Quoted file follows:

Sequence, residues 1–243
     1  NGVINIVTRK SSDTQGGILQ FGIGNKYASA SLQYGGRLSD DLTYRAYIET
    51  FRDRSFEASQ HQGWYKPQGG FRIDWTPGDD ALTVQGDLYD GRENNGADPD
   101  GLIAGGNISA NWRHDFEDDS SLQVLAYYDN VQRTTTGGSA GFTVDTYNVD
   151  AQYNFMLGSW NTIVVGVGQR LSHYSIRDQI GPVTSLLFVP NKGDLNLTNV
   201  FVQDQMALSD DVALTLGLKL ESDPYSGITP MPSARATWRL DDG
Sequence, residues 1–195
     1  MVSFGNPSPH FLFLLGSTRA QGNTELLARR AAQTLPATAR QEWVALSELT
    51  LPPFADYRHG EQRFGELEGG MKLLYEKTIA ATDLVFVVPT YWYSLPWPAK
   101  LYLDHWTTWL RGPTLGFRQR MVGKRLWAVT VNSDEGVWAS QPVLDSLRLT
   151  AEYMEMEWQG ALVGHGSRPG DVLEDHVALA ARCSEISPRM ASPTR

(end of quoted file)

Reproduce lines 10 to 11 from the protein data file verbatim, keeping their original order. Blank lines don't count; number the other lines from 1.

   101  LYLDHWTTWL RGPTLGFRQR MVGKRLWAVT VNSDEGVWAS QPVLDSLRLT
   151  AEYMEMEWQG ALVGHGSRPG DVLEDHVALA ARCSEISPRM ASPTR